The only moving thing
Was the eye of the blackbird.
II
I was of three minds,
Like a tree
In which there are three blackbirds.
III
The blackbird whirled in the autumn winds.
It was a small part of the pantomime.
IV
A man and a woman
Are one.
A man and a woman and a blackbird
Are one.
V
I do not know which to prefer,
The beauty of inflections
Or the beauty of innuendoes,
The blackbird whistling
Or just after.
VI
Icicles filled the long window
With barbaric glass.
The shadow of the blackbird
Crossed it, to and fro.
The mood
Traced in the shadow
An indecipherable cause.
VII
O thin men of Haddam,
Why do you imagine golden birds?
Do you not see how the blackbird
Walks around the feet
Of the women about you?
VIII
I know noble accents
And lucid, inescapable rhythms;
But I know, too,
That the blackbird is involved
In what I know.
IX
When the blackbird flew out of sight,
It marked the edge
Of one of many circles.
X
At the sight of blackbirds
Flying in a green light,
Even the bawds of euphony
Would cry out sharply.
XI
He rode over Connecticut
In a glass coach.
Once, a fear pierced him,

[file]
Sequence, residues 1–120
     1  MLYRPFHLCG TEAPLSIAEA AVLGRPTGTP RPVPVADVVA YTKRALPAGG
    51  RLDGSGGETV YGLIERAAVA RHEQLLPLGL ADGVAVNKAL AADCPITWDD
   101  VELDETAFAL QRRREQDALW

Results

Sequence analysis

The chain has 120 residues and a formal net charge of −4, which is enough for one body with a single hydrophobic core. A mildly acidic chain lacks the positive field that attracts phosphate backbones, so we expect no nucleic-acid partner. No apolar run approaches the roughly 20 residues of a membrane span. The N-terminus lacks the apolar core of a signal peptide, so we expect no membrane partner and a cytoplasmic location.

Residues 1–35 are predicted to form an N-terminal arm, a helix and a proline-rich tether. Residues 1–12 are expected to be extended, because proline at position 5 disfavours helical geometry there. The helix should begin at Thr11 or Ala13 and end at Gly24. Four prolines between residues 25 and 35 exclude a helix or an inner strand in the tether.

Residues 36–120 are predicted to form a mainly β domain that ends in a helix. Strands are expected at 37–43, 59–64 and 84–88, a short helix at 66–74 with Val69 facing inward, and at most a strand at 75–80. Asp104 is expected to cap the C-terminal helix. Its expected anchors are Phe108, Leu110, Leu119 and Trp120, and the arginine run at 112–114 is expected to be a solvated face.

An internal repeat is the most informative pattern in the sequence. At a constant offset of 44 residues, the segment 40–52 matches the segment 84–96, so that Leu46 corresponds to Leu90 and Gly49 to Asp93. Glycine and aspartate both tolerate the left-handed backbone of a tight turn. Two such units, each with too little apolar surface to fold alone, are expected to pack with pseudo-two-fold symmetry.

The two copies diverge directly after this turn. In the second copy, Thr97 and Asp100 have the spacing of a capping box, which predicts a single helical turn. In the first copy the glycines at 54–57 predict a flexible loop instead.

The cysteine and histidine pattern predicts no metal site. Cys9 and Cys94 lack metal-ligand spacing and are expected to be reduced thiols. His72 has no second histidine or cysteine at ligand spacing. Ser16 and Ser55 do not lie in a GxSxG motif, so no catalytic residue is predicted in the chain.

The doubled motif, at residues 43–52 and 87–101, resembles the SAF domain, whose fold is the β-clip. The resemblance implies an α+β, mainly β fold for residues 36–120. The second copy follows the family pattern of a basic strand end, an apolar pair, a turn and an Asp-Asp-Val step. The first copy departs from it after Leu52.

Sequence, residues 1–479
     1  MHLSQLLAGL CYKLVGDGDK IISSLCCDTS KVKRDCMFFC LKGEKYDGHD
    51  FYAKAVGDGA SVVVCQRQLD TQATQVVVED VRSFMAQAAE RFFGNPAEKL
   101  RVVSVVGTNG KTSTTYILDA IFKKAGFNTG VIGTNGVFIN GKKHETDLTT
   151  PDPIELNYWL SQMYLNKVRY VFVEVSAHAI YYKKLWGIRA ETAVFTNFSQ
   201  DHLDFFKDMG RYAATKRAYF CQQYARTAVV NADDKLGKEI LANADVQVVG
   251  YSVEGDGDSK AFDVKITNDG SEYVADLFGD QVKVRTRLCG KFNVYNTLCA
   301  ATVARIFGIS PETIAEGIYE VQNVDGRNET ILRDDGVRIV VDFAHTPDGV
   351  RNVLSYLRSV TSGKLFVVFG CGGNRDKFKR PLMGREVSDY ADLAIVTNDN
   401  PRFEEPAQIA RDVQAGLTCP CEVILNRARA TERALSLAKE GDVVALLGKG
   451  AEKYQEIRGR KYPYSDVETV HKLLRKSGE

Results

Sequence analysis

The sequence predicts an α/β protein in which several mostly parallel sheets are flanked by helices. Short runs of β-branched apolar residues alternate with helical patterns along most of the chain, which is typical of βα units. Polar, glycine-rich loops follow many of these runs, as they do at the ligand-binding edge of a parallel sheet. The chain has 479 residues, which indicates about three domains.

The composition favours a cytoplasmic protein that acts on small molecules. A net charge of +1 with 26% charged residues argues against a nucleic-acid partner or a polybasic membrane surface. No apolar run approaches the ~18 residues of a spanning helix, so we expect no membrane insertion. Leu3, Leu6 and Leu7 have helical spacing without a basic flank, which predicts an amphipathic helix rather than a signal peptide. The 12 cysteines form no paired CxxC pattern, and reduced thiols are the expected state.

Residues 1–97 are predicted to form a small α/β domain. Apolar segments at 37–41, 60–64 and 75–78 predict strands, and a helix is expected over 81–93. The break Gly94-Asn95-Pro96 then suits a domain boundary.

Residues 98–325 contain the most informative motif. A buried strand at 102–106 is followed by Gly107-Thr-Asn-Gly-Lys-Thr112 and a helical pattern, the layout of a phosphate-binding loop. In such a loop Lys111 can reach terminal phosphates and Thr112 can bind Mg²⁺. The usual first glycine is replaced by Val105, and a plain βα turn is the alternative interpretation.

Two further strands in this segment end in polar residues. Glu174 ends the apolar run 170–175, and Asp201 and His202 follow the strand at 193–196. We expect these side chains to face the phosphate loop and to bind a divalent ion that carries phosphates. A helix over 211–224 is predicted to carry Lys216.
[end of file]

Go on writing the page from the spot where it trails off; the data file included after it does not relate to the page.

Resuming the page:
In that he mistook
The shadow of his equipage
For blackbirds.
XII
The river is moving.
The blackbird must be flying.
XIII
It was evening all afternoon.
It was snowing
And it was going to snow.
The blackbird sat
In the cedar-limbs.

Blackbird McCartney
https://www.youtube.com/watch?v=Man4Xw8Xypo

Thursday, April 2, 2020

Educational Links 4/3/2020

7 Ways to Maintain Relationships During Your School Closure


San Diego Zoo Academy offers eight weeks of free classes


Online and Blended Learning Guide




ONLINE WORKSHOPS


New Strategies in Special Education as Kids Learn From Home


7 keys to effective online learning


High-quality and engaging online learning programs have a number of common characteristics


A Deep Breath, Time to Think--Reverie



Debussy: Rêverie (1890) 

https://www.youtube.com/watch?v=79UfWizjGiQ 


The Arts Give You Smarts

5 Reasons Why Arts Education Is Important For EVERYONE


Arts and Smarts


STEM to STEAM: The “Arts” and Its Importance in STEM Education


Does Learning Art, Dance and Music Boost Young Brains?



Arts Across the Curriculum


Art Enhances Brain Function and Well-Being


The arts play an important role in human development, enhancing the growth of cognitive, emotional, and psychomotor pathways. Neuroscience research reveals the impressive impact of arts instruction, such as, music, drawing and physical activity, on students' cognitive, social and emotional development.